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The impact on life cycle carbon footprint of converting from disposable to reusable sharps containers in a large US hospital geographically distant from manufacturing and processing facilities

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The impact on life cycle carbon footprint of converting from disposable to reusable sharps containers in a large US hospital geographically distant from manufacturing and processing facilities
Note that a Preprint of this article also exists, first published February 14, 2018.


Healthcare activities account for 5.4% of greenhouse gas (GHG) emissions in the U.K. (NHS, 2016; DBEIS, 2017) and 9.8% in US (Eckelman & Sherman, 2016) and, in hospitals, more than half of GHG emissions are derived from supply chain goods and services (NHS, 2017). Many hospitals are adopting green purchasing strategies to reduce their GHG (Chung & Meltzer, 2009; NHS, 2017)—a position supported by the Alliance of Nurses for Health Environments (ANHE, 2017). Replacing disposable products with reusables is such an example (WHO, 2009; Unger et al., 2016; Karlsson & Ohman, 2005) and, as clinical waste containers are in the top 20 contributors to the supply chain carbon footprint (NHS, 2017), replacing disposable sharps containers (DSC) with reusable sharps containers (RSC) is recommended (PGH, 2013). One life cycle carbon footprint study found that converting from DSC to RSC achieved a significant reduction in GHG however the authors’ sensitivity analysis found transport distances could significantly affect results and, given the hospital was close to where both containers were manufactured, recommended that scenarios with large transport distances be investigated (Grimmond & Reiner, 2012). Our case-study compares the annual impact on life cycle carbon footprint of converting from DSC to RSC at a large US teaching hospital system sited at nationwide distances from manufacturing plants.

Materials and Methods

Study overview

The scope of the study was to examine the life cycle carbon footprint of DSC and RSC over a 12-month period of facility-wide usage at a hospital geographically distant from manufacturing and processing plants, and include all unit processes in Manufacture, Transport, Washing, and Treatment & disposal stages.

Using established principles for assessment of the life cycle GHG emissions of goods and services (British Standards Institute, 2011) we utilised a cradle-to-grave life cycle inventory (LCI) and a product-system GHG assessment tool developed specifically for sharps containers and containing some 750 data cells (Grimmond & Reiner, 2012). In a before-after intervention study using a calculation model, we compared the annual GHG emissions for facility-wide usage of DSC and RSC at Loma Linda University Health (LLUH). The facility is an 1100 bed university healthcare system with 5 general acute care hospitals and an expansive outpatient clinic system in Loma Linda, California. The GHG included were CO2, CH4 and N2O as these represent more than 99.5% of CO2eq generated during the major life cycle stages of sharps containers (American Chemistry Council, 2010; EPA, 2016a). Greenhouse gases, other than CO2, were converted to their CO2eq on the basis of their per unit radiative forcing using 100-year global warming potentials defined by the Intergovernmental Panel on Climate Change (British Standards Institute, 2011). The annual GHG emissions for each container’s life cycle were expressed in metric tonnes of carbon dioxide equivalents (MTCO2eq). All GHG data sources used in the study provided GHG outcomes as MTCO2eq. Review Board approval by LLUH was waived as no patients, patient data or patient specimens were involved.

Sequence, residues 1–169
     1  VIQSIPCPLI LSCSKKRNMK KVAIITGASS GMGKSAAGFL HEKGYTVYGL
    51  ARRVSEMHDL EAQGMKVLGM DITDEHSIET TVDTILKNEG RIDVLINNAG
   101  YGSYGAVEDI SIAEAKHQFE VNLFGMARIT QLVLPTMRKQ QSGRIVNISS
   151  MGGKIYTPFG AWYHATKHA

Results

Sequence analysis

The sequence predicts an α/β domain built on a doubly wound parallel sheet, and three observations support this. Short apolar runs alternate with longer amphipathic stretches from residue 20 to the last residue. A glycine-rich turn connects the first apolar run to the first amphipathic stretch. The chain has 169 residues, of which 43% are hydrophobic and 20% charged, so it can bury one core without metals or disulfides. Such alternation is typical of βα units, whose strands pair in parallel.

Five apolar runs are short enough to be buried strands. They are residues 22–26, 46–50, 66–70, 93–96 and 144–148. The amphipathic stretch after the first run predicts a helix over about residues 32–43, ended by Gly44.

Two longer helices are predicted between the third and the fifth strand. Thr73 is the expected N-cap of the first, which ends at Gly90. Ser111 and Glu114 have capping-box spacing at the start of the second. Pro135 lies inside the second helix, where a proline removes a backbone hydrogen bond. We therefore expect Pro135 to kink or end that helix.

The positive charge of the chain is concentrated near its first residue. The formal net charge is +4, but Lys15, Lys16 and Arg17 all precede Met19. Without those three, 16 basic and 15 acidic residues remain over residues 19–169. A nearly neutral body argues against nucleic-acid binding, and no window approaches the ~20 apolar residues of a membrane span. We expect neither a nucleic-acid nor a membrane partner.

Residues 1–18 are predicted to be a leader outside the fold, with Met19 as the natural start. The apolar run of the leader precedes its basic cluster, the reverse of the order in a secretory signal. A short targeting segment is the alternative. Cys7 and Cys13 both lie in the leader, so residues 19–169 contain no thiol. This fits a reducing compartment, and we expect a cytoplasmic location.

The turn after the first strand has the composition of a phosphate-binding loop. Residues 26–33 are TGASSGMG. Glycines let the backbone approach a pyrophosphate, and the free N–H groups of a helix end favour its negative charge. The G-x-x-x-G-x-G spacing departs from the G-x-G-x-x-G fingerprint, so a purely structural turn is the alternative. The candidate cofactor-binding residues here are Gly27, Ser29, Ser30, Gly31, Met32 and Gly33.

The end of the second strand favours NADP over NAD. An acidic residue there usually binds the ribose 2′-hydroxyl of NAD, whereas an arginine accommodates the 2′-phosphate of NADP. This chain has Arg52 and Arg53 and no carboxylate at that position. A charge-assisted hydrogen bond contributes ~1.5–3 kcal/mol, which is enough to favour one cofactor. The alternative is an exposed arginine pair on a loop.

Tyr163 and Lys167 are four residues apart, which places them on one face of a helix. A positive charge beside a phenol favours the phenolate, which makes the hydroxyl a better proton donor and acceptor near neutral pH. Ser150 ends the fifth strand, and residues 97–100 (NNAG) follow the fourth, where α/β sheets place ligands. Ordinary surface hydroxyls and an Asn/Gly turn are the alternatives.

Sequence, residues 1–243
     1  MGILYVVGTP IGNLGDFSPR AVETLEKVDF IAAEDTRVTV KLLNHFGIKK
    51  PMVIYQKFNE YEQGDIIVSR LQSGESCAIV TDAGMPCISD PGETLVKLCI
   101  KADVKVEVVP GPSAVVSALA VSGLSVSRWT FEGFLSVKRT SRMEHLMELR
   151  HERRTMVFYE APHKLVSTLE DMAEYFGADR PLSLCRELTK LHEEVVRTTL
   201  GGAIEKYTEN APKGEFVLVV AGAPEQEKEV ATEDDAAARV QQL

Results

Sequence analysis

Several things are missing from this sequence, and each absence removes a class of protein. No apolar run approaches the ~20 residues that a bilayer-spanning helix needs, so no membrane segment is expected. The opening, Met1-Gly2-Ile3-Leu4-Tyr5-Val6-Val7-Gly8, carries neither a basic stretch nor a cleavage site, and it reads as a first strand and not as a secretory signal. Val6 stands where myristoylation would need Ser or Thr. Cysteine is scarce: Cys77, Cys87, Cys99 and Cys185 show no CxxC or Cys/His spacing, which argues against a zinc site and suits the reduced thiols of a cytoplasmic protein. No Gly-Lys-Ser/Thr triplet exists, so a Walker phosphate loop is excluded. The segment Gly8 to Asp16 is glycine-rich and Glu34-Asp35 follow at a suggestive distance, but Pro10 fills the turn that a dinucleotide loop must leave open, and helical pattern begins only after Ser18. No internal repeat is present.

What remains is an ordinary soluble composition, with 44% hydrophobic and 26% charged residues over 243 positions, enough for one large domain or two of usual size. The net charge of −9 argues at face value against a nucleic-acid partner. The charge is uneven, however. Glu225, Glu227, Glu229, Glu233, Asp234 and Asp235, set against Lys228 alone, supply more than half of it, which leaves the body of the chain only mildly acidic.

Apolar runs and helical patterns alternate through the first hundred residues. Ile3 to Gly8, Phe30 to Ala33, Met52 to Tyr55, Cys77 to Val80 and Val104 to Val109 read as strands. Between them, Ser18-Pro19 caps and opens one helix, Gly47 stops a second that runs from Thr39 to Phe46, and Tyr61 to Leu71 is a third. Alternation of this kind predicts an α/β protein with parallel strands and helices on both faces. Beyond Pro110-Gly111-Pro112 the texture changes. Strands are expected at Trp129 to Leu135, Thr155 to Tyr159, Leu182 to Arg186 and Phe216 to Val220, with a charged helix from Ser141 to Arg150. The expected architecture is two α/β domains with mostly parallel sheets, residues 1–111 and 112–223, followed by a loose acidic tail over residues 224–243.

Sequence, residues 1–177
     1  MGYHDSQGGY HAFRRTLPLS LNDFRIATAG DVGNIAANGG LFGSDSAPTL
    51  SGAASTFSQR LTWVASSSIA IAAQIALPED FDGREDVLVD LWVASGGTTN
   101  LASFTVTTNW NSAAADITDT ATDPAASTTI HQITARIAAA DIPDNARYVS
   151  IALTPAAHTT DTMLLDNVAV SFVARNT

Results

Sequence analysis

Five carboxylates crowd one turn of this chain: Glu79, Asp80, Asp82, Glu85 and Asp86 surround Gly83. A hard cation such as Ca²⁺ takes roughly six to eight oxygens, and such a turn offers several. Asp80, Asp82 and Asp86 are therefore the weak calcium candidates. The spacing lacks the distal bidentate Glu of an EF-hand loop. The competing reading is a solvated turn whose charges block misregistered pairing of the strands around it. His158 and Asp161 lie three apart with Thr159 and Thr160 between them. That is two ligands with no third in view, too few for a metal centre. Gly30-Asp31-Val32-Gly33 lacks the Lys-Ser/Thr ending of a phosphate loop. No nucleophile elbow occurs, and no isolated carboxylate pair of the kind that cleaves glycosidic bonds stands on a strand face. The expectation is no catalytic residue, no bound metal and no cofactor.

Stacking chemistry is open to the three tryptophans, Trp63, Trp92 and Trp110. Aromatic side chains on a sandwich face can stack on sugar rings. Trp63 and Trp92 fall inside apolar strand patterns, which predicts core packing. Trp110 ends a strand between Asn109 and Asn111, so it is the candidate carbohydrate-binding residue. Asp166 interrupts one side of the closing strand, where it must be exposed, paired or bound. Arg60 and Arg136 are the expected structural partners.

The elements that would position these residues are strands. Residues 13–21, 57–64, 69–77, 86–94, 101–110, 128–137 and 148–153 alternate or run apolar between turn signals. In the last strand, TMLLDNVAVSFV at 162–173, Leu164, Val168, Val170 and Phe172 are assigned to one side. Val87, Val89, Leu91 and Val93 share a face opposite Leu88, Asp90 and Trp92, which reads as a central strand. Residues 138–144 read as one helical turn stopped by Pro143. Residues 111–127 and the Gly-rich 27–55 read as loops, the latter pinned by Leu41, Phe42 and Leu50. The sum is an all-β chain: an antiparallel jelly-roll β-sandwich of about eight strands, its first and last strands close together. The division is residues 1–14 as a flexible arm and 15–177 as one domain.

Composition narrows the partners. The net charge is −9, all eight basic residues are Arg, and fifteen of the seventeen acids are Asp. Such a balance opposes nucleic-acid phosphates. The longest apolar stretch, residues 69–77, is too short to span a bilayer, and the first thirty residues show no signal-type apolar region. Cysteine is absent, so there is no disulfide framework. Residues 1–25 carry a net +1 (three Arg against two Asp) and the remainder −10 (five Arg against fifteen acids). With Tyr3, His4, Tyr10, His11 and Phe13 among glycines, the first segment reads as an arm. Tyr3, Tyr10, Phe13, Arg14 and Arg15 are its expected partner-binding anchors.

The LCI itemised all energy-using processes required by each containment system’s life-cycle as implemented at LLUH. Scope 1, 2 and 3 processes were included in both study years. Unit process GHG were collated into the following life-cycle stages: manufacture (of polymer and containers); transport; washing (RSC); and treatment & disposal. We assessed GHG emissions from all energy used in these processes (vehicle fuel, gas, electricity, water supply and treatment) and in the manufacture and life cycle of ancillary products (pallets, transport cabinets, cardboard boxes, wash products). The boundary of the system studied, together with inputs, outputs and exclusions, are shown in Fig. 1.

System boundary showing inputs, outputs, inclusions and exclusions.

Figure 1: System boundary showing inputs, outputs, inclusions and exclusions.

Data sources

The following data sources were used in calculating GHG: DSC and RSC resin manufacture (American Chemistry Council, 2010); primary energy input data for DSC and RSC container manufacture (Clarion, 2014) and RSC washing (Daniels, 2017); industry-specific data for DSC autoclaving (Daniels, 2012); RSC and DSC transport (DEFRA, 2015); eGRID values for California, Michigan and Illinois power generation (EPA, 2016b); National data for energy inputs for US water supply and treatment (Chini & Stillwell, 2018); Industry data for manufacture of wash products (Nielsen, Li & Zhang, 2013; Shahmohammadi et al., 2017); Industry data for manufacture of cardboard (NCASI, 2017), representative data for manufacture of transporters (USDOE, 2010); Industry-specific data for pallet life cycle GHG (DEFRA, 2010): and US national values for incineration of DSC (EPA, 2018). The same database and values were applied to the relevant unit processes in DSC and RSC systems. Emissions for RSC manufacturing were calculated using a worst-case scenario based on the actual age of the manufacturer’s oldest, most frequently used RSC still in service nationally. Although it is theoretically possible for RSC to be recertified for a further period when they reach their certified reuse expiration, for this study their “end-of-life” was conservatively taken to be the number of years under the above worst-case scenario. The GHG associated with manufacture of ancillary reusables (transport-cabinets and pallets) were calculated on a per trip basis using their expected life span. Data on container size, model number, number used, and total Adjusted Patient Days (APD) (workload indicator) were obtained from LLUH. Total polymer required for manufacture of DSC and RSC was determined by weighing an example of each model of container and multiplying by the number of containers. The conversion-transition period (2 years) was excluded to avoid system overlap. Emission totals for each system’s annual use were workload-normalized by dividing its life cycle MTCO2eq by the APD for that year. The two ratios were then analyzed using WinPepi v11.65 (WinPepi, 2016). A Yates-corrected χ2 test was used for the analysis of proportions. Statistical significance was set at P ≤ .05 and rate ratios calculated using 95% confidence intervals.